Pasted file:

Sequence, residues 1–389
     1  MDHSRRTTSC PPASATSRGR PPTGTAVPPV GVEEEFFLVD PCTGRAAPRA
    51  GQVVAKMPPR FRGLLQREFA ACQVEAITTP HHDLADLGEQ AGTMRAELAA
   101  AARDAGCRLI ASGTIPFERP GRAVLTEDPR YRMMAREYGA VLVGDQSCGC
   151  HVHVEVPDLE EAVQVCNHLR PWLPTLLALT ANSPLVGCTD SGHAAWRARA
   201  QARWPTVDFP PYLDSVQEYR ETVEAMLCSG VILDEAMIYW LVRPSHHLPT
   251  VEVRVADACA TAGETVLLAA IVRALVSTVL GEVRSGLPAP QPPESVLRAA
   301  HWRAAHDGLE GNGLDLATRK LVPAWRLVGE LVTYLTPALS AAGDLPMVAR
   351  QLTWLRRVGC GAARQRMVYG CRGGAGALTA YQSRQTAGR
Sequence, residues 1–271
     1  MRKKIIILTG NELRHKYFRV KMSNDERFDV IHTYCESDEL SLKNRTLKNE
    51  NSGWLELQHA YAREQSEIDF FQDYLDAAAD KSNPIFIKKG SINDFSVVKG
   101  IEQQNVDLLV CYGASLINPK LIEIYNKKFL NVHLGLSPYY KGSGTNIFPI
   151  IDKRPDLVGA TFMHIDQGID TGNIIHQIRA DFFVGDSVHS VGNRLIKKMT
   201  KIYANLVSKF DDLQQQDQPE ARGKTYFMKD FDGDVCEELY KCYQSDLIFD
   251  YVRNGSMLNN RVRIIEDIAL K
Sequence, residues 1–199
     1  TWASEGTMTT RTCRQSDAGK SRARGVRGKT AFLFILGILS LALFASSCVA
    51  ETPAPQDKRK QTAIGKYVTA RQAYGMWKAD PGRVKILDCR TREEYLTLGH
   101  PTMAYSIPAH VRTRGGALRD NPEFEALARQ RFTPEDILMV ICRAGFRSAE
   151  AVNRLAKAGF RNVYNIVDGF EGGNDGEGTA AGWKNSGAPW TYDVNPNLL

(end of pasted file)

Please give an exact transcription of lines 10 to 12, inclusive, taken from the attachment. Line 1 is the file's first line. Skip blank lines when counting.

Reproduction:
Sequence, residues 1–271
     1  MRKKIIILTG NELRHKYFRV KMSNDERFDV IHTYCESDEL SLKNRTLKNE
    51  NSGWLELQHA YAREQSEIDF FQDYLDAAAD KSNPIFIKKG SINDFSVVKG